Monday, 27 March 2006

Harmeet Sooden story - 'We have a right to know.' Do we?

There is reported to be "growing disquiet" over the deal struck between Harmeet Sooden and TV One News. One commentator over the weekend, Jim Tully, was whining that this sort of "cheque-book journalism" denies other media "access to people in the news," and interferes with "our right to know."

This gentleman is as academic, so you can perhaps forgive him not knowing what he's talking about. However, those signing up to join the complaining chorus now include the other media who have been "denied access," Helen Clark, and -- almost predictably -- National's broadcasting spokesman. Selling the story "raises important issues about truth and honesty" says Georgina te Heuheu in as flaccid a statement as a National spokesman has made for some time.

One thing Clark and Co seem to have overlooked: we have no "right to know." Media organisations have no 'right to access' to people in the news. In fact, the rights go all the other way. The story is not ours, it is Harmeet's and his family's to sell, and they have a right to sell it for whatever they can get, or to keep their mouths shut and their story to themselves if they wish. It's their story, not yours. The fact that they can sell the story shows that lots of people do want to know, but wanting to know gives you no right to know.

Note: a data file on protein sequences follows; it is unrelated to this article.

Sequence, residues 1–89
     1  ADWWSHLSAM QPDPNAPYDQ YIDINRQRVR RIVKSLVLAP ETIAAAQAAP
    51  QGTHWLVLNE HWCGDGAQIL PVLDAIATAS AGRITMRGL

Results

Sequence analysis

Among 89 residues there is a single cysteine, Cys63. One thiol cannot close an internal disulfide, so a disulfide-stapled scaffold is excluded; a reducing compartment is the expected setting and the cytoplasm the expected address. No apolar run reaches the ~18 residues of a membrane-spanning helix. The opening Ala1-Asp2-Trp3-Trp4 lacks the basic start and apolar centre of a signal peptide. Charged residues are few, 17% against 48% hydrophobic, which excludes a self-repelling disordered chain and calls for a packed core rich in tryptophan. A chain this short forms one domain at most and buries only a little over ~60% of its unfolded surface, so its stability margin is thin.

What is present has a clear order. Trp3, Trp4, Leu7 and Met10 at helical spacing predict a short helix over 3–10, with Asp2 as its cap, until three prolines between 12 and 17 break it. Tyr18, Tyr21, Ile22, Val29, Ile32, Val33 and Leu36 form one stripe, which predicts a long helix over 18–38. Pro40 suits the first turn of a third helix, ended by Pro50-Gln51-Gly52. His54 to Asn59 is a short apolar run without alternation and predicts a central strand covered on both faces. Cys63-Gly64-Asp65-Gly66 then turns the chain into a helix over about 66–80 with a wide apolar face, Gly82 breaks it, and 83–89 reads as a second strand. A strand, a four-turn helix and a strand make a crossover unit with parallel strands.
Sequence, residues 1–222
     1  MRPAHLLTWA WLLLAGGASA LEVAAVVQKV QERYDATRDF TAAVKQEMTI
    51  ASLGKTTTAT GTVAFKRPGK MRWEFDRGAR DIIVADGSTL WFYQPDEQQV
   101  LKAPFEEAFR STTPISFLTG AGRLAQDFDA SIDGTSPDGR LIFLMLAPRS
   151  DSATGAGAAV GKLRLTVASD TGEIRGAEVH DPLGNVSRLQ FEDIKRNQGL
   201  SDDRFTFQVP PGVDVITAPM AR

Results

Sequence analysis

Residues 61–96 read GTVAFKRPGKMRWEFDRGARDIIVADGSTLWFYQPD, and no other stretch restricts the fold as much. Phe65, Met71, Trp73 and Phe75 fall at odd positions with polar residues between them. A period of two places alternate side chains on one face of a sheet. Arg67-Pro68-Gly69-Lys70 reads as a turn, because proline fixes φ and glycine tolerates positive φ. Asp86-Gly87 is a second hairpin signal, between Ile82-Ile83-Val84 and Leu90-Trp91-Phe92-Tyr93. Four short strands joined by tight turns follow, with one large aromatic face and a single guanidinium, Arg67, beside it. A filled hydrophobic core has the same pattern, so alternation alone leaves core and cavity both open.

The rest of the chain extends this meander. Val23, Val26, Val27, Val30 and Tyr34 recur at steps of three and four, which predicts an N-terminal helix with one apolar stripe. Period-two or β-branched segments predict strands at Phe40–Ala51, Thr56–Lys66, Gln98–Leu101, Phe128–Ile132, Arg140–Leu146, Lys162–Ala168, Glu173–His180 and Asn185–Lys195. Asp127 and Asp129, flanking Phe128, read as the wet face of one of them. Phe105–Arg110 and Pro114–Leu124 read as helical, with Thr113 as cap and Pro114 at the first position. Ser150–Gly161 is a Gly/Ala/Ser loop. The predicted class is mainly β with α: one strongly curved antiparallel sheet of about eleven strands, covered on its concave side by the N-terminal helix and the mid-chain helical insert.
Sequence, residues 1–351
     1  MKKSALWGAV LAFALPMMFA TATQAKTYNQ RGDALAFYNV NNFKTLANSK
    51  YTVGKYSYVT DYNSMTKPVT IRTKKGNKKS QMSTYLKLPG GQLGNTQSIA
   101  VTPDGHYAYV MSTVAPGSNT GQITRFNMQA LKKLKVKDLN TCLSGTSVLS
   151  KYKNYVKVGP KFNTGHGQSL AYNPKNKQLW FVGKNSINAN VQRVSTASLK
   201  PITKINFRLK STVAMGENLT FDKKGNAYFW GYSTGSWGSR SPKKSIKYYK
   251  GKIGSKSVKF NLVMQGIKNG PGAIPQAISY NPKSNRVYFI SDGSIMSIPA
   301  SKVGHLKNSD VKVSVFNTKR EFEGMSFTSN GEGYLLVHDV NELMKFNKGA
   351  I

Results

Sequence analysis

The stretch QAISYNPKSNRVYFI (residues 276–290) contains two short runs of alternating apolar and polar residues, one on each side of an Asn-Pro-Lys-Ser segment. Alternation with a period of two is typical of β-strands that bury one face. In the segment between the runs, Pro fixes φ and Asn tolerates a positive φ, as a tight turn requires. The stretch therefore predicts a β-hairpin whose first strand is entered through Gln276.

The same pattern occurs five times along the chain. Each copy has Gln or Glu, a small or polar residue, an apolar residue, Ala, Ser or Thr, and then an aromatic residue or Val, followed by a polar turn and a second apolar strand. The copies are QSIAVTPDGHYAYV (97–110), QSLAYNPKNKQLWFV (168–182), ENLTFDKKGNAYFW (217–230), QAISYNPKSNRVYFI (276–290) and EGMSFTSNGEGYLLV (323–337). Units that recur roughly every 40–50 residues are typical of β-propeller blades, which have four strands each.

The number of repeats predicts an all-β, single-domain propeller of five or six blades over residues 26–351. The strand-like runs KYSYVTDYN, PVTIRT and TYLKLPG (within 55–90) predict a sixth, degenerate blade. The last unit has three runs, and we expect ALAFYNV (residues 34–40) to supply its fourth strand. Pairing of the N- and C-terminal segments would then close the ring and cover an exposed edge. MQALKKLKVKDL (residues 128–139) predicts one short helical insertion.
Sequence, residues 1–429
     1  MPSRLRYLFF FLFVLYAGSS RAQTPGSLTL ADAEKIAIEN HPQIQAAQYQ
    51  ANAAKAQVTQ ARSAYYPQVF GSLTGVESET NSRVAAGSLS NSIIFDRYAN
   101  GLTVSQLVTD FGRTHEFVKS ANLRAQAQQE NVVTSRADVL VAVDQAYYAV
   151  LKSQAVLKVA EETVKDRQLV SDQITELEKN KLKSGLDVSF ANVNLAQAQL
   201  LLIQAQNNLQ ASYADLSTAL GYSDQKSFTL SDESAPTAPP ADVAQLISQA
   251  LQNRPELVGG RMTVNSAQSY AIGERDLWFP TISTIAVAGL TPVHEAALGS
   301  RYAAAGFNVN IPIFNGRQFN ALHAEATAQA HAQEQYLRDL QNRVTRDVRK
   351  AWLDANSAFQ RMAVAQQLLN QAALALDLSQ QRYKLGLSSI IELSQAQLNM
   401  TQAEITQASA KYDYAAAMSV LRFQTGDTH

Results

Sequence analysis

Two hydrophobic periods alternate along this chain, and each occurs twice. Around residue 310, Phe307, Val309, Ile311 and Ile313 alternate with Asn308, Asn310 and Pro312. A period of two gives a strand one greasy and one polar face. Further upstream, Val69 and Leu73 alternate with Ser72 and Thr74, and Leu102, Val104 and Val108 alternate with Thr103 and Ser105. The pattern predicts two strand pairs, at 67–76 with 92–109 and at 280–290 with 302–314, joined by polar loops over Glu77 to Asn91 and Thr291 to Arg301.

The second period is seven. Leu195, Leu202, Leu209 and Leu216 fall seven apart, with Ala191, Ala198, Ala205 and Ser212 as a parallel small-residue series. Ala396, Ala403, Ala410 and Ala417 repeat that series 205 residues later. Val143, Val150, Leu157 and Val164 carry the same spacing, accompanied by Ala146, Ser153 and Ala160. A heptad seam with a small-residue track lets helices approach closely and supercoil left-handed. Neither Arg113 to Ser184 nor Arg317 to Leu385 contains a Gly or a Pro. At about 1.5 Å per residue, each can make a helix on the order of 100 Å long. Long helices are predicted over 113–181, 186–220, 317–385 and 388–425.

You have a right to know? No, you don't.

UPDATE: I should just say that if the amount being paidby TVNZ is $30,000, as is speculated, and the UK government decided to charge Harmeet $30,000 for his rescue, I wouldn't have a problem with that. Would you?

LINKS: News boss defends deal - Newstalk ZB
TVNZ deal annoys others - NZ City
Nats attack TVNZ over Sooden story - Stuff

TAGS: Politics-NZ, Politics-World